Brill’s Encyclopedia of Hinduism Online

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Edited by: Knut A. Jacobsen (Editor-in-Chief), University of Bergen, and Helene Basu, University of Münster, Angelika Malinar, University of Zürich, Vasudha Narayanan, University of Florida (Associate Editors)

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Brill’s Encyclopedia of Hinduism presents the latest research on all the main aspects of the Hindu traditions. Its 438 essays are original work written by the world’s foremost scholars on Hinduism. The encyclopedia presents a balanced and even-handed view of Hinduism, recognizing the divergent perspectives and methods in the academic study of a religion that has ancient historical roots with many flourishing traditions today. Including all essays from the heralded printed edition, Brill’s Encyclopedia of Hinduism is now to be regularly updated with new articles and available in a fully searchable, dynamic digital format.

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(13,294 words)

Author(s): Steiner, Karin
Yajña is the central notion of vedic religion (1500–500 BCE). Vedic religion is polytheistic, and the sacrifice, devoid of images and temples, is performed at temporary ritual enclosures. The fact that there is a voluminous corpus of literature available, the so-called vedic canon (see below), is of great advantage to researchers: from these texts the ancient rituals can be reconstructed in detail, and the texts also include interpretations of ritual elements and mystical speculation about them.The beginnings of vedic ritual can be traced back to Indo-Iranian times. An…
Date: 2020-05-18

Yakṣas and Yakṣiṇīs

(3,788 words)

Author(s): Keßler, Anne
Yakṣas are a class of demigods regarded as attendants of Kubera, the lord of wealth. They are often mentioned together with gandharvas  and rākṣasas and other semidivine members of the Hindu pantheon. Their female counterparts are the yakṣīs, also called yakṣiṇīs, sexually voracious beings who are usually not related by marriage to the yakṣas. Both yakṣas and yakṣiṇīs range in disposition from benevolent to malignant. Though they may do harm to human beings as they are believed to cause ailments, they are generally beneficial, especially when propitiated. Yakṣiṇīs are …
Date: 2020-05-18


(6,702 words)

Author(s): Söhnen-Thieme, Renate
Indo-Iranian Roots The word yama means “twin” (it is used in this sense in the Ṛgveda to refer to Indra and Vāyu, Indra and Agni, the Aśvins, etc.; see vedic gods), but in the Ṛgveda as well as in the Avesta (where he is called Yima), it is also the name of a mythical person, the son of Vivasvant; in the Avesta he is a mythical king, ruling in a kind of “golden age,” whereas in the Ṛgveda he is the ruler in the world of the deceased. In both traditions he seems also to have been, at some point, provided with a twin sister – Yamī in one (relatively late) dialogue hymn in the Ṛgveda (10.10), and Yimak in …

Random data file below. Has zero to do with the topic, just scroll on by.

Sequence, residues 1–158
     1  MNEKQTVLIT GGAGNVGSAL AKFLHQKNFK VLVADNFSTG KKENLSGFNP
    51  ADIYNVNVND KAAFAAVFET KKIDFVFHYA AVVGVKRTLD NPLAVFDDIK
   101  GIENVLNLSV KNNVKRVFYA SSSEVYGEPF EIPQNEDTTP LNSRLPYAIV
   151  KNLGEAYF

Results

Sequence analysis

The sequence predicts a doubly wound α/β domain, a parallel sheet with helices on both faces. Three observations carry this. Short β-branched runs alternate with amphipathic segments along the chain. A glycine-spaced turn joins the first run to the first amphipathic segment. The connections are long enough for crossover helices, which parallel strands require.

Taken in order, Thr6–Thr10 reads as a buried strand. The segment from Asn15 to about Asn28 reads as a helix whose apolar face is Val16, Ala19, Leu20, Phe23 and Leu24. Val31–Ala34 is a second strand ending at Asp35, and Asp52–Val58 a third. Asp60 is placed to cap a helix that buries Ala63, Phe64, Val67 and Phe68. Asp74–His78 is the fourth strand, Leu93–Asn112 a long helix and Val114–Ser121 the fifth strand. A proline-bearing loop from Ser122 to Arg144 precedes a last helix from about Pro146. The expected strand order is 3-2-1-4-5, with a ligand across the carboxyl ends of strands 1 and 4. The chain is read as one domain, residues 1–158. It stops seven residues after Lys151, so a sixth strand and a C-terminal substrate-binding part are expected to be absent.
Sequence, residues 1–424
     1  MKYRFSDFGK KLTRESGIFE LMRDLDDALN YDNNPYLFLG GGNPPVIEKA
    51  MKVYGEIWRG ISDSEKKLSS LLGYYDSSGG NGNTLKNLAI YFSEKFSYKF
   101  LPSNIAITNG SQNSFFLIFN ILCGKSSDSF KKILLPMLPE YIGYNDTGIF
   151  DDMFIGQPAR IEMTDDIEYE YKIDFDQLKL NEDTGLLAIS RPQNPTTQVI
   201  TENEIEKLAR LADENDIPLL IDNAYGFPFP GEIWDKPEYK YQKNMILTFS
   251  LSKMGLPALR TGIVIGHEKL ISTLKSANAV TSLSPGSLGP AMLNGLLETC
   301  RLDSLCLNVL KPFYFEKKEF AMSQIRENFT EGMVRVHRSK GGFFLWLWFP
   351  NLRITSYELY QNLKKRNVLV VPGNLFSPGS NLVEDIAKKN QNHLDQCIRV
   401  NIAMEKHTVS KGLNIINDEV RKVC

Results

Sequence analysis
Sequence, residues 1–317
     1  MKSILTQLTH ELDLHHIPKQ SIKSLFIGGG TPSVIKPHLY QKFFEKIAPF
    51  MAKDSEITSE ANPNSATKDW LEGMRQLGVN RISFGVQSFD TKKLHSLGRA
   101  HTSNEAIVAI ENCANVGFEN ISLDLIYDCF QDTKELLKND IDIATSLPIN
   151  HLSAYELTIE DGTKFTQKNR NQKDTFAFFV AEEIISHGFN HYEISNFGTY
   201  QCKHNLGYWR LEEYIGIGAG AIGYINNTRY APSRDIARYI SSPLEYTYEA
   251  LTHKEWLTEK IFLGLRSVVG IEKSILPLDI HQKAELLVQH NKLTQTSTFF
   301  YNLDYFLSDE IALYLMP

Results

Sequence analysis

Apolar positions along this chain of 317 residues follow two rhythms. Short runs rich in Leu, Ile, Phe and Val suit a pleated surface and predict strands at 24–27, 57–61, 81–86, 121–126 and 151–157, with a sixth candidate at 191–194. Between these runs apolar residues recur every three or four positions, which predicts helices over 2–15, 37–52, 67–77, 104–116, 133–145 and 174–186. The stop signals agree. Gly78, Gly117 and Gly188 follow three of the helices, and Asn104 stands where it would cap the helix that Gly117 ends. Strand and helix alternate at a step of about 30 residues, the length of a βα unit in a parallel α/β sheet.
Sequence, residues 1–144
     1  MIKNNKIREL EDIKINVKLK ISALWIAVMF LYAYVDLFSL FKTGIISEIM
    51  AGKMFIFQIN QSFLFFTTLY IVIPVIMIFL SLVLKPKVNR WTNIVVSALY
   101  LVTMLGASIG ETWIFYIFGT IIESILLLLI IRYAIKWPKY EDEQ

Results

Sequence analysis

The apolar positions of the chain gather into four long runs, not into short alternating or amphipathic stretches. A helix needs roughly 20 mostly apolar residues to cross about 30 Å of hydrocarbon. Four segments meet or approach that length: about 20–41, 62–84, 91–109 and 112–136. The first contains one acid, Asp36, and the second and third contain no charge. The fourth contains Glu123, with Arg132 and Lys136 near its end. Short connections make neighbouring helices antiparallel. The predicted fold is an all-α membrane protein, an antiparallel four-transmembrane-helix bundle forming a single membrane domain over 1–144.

Date: 2020-05-18


(3,260 words)

Author(s): Kumar and George James, Bidisha
The Yamunā, a river of 1,376 km with its source at Yamunotri (“Mouth of Yamunā”) in the Himalayan state of Uttarakhand (formerly Uttaranchal) is one of the most important rivers of India. It flows in a southward and eastward arc to its confluence with the Gaṅgā at Allahabad, once known as Prayāg (“Holy Confluence”). In its course through the northern plains, the Yamunā traverses such historic cities as Delhi and Agra, and the pilgrim centers of Mathura and Vrindavan. Revered as the mother that …
Date: 2020-05-18


(3,796 words)

Author(s): Pratap Kumar, P.
The pivotal role played by Yāmunācārya in the development of medieval Śrīvaiṣṇavism is evident in the enormous work that he had accomplished in the laying of the foundation for the core philosophical principles of the tradition. In the memory of the community, he certainly occupies a significant place as one who has sought out the person who would become the most dominant figure in the Śrīvaiṣṇava history, namely, Rāmānuja. At the outset, I wish to acknowledge that notwithstanding such significa…
Date: 2020-05-18